An interesting innovative use of 3D-printed parts was done in building laser reflectors to do large-scale modal testing. Here, the large bi-focal mirror in the basement of Halligan Hall is outfitted with a number of reflectors printed on the Fortus 400mc. Some post-printing work was done to yield a good reflective surface.
3D parts were also used in thesis research to validate an optics design for an experimental nano-satellite imaging platform.
A summer intern project was supported with parts printed from the 3D printer to build the frame of a high-altitude balloon (HAB) platform. The platform supports electronics, a battery, a GoPro camera, GPS receiver and beacon.
Below, a clock escapement was put together as an instructional demonstration in the Physics Dept.
Below, is a 3D printed form to support a thin-walled aluminum part for machining. Because of the thin walls and odd shape, it would be difficult to hold the piece for the machining setup and tolerances can be lost due to vibration and bending while the part undergoes its machining / milling process.
Another example of a tooling part that was easily printed for use is shown, below. The part is an adapter between a box wrench and a 1/4-inch drive torque wrench that was needed for some tight work spaces where the torque wrench couldn't reach.
Production of multiple-copies of parts – here's a production run of an array of (7x4=) 28 copies of a part. Note that efficiencies in packing can be gained by creating the full array in CAD and exporting the array as a single (.STL) part for processing, making sure the array fits within the build envelope.
STL File Requirements
If you're using one of the NPS-licensed CAD programs, it's very likely you can export your part geometry into the .STL file format. Here are some settings for the more popular CAD programs. It's best to have your model in English Inch units, but millimeters will work, also. The basic settings for export deal with Angle Tolerance (how much the normals of the surface triangle can deviate from one another), and Deviation (how much the mesh is allowed to deviate from the CAD part).
- File > Save As
- Save as type: STL (*.stl)
- Set the slider on Deviation to about 0.0003 for inch / 0.003 for mm
- Leave the Angle slider alone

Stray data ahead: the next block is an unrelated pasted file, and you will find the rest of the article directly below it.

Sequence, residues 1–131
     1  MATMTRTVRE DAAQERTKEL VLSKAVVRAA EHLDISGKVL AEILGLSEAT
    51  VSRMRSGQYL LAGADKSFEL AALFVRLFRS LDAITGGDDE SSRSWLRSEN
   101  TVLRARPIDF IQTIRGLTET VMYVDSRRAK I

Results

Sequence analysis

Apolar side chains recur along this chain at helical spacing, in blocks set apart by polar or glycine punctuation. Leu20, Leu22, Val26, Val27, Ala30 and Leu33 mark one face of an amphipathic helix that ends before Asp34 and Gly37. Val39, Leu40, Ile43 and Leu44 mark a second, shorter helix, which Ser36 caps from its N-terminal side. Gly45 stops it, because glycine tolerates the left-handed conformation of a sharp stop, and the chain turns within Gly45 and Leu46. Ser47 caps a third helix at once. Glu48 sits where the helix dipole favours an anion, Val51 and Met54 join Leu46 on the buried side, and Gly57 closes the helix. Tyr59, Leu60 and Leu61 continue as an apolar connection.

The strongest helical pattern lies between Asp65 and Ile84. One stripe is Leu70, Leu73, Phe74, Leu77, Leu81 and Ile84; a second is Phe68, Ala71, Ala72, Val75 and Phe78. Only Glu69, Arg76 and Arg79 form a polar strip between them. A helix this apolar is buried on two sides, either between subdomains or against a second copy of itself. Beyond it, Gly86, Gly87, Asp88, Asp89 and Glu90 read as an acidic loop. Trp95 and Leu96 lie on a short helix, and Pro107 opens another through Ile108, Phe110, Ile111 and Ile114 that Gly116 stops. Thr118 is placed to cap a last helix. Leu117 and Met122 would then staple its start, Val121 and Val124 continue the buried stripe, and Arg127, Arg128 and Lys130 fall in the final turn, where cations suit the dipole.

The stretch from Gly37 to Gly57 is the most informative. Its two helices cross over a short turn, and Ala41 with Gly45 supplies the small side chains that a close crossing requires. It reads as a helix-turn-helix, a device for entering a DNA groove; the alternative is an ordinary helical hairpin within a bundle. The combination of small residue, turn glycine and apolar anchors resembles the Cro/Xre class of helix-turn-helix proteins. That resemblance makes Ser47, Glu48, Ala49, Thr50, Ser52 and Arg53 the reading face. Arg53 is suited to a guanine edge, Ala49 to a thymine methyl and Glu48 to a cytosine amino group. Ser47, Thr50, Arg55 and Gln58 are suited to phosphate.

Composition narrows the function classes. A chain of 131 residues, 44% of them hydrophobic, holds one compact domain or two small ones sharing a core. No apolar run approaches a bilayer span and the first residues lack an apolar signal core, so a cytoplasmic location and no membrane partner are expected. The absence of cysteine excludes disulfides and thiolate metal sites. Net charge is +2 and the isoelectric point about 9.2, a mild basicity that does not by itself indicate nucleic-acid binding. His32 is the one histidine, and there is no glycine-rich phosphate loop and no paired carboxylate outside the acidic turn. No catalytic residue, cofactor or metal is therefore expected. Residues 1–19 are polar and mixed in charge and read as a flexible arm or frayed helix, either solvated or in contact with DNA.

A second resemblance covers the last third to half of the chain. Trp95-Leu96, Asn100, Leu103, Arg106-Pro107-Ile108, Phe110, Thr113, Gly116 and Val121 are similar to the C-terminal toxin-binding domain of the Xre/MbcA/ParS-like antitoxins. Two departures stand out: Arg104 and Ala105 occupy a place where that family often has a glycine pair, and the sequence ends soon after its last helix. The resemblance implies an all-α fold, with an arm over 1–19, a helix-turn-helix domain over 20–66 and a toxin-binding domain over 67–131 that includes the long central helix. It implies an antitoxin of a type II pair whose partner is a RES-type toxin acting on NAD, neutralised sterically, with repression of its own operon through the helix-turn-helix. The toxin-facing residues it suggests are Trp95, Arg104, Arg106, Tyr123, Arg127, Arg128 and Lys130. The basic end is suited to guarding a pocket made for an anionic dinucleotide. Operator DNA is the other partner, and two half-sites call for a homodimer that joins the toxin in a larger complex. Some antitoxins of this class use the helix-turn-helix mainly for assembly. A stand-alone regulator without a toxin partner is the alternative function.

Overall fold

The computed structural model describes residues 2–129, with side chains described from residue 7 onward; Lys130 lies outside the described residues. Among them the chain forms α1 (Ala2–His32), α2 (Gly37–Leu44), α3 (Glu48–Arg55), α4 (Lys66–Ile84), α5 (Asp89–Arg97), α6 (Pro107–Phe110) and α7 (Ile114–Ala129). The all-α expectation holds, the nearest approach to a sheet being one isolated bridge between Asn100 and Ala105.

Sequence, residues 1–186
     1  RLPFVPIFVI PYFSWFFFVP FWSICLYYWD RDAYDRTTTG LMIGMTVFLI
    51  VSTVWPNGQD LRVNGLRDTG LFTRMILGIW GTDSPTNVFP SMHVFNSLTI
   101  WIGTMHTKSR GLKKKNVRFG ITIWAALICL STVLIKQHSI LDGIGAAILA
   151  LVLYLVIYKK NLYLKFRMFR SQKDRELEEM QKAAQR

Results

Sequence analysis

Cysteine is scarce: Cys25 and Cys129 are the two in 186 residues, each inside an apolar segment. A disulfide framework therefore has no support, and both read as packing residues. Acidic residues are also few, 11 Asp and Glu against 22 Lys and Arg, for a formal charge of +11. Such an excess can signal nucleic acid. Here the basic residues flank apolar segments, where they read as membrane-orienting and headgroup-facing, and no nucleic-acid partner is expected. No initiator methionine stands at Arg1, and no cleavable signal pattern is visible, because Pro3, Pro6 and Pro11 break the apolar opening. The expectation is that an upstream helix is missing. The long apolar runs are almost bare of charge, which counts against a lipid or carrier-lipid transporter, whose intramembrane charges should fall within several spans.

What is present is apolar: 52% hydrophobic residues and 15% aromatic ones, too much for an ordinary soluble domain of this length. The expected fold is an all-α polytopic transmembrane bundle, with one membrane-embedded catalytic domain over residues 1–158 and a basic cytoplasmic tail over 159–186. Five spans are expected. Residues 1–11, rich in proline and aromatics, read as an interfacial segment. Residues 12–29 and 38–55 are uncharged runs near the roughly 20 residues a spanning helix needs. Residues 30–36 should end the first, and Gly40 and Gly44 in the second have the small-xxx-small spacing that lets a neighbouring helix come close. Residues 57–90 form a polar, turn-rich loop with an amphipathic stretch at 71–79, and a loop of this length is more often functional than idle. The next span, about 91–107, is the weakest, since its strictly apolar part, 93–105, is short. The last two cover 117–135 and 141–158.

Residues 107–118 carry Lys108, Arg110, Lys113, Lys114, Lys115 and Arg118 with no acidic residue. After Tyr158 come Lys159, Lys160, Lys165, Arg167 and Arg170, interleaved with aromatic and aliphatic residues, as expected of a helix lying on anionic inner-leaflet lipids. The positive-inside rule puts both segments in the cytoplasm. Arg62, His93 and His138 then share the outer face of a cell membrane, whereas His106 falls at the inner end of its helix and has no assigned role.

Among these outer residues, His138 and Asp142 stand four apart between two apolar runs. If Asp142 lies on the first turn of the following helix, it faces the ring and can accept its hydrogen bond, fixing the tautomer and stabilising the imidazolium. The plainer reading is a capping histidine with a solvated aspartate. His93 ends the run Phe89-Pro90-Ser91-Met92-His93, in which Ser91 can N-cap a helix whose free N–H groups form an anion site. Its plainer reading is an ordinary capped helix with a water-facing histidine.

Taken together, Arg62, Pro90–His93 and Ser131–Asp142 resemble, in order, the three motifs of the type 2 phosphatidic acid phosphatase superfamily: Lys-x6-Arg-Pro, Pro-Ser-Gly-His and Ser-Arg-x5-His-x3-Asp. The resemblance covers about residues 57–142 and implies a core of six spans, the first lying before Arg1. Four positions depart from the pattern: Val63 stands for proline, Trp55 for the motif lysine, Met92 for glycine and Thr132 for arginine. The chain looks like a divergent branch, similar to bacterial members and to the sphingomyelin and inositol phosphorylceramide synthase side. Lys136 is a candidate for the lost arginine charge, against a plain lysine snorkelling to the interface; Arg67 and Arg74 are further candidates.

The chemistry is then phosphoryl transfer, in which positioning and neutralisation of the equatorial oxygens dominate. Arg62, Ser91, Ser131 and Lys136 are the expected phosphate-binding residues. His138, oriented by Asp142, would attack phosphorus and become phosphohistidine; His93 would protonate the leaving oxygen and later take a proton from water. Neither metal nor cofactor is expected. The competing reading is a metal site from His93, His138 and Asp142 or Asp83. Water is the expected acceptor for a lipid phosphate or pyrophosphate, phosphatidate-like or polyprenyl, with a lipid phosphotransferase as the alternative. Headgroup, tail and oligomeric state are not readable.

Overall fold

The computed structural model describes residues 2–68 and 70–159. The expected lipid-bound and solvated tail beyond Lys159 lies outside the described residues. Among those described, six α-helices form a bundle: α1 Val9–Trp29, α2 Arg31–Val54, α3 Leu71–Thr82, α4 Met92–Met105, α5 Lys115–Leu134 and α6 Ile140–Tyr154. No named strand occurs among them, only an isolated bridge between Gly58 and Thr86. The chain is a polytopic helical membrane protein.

- Give it a file name and save to a directory where you have read-write privileges.
Screenshot of SolidWorks (2015) STL Export.
NX 11 (and later)
- File > Export > STL...
- Output Type: (Binary)
- Select the solid body (or bodies) to export
- Provide the path where the .STL file will be saved
- Chordal Tolerance 0.0003 (inch) / 0.003 (mm)
- Angular Tolerance: 10.0 (deg)
Screenshot of NX11 STL Export.
It's always a good idea to try importing your STL file to see that it is what you expect. If your CAD program is a solid modeler, it's good to check that the volume of the CAD part matches the volume of the imported STL file.
Stratasys "Best Practices" PDF document describing some other CAD programs and how to export STL files can be found here. (Note: Login to the ERN is required).
Read this article on the "Top 7 Common Mistakes in Designing Parts for Additive Manufacturing" (from QuickParts).
What Does It Cost?
Approximate cost (part material alone) is about $2.30 per cubic inch. Canisters of material and support come in 92 cubic inch canisters and cost about $200 each (educational pricing), depending on the type of material. Note that some waste is involved with calibration parts and in the normal operation of the machine. In order to build parts, it is requested that part material be purchased. Unfortunately, material can only be purchased per canister. Generally, the SSAG 3D Printer only uses polycarbonate (PC) for the part material, and the 'Break-Away Support System' (BASS) for support material. This removes the need to deal with alkaline baths for dissolving the soluble support. However, if soluble support is required, the Physics Department may allow use of their support removal bath (check for size limitations).
Materials' part numbers are as follows: for the white polycarbonate (PC) (P/N: 310-20100); and its respective Break-Away Support System (BASS) for Fortus 360/400/900mc (P/N: 310-30100).
The following are vendors that I'm aware of that provide consumable materials for the Fortus 400mc:
- Stratsys (http://www.fortus.com/)
- Go-Engineer (http://www.goengineer.com/Products/Fortus)
- Cap-Inc (https://www.capinc.com/capstore/fortusmaterial)
How Do I Dispose of 3D Printer Material?
3D-printed parts can be recycled as recyclable plastic. For specific questions, contact the Environmental Office (x2841).
Does it outgas in a vacuum?
A concern for any material in space or for research is whether they outgas -- will they be a source of contamination. NASA has performed testing to determine the amount of outgassing of various (read many, many) materials in a vacuum. The numbers provided are in TML (percent of total mass loss), CVCM (percent of collected volatile condensable materials) and WVR (percent of water vapor regained). For more information on the NASA outgassing tests, see http://outgassing.nasa.gov. The Stratasys polycarbonate (PC) material was tested and results are favorable for use in space, of course, verification should be done to ensure the specific application is consistent with the NASA test results. Below is the output from the NASA on-line outgassing report (when doing a search on "Stratasys"):